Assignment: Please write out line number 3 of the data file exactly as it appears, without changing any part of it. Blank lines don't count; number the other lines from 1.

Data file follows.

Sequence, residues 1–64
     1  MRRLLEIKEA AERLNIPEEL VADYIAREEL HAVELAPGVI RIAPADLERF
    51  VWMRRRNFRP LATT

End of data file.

    51  VWMRRRNFRP LATT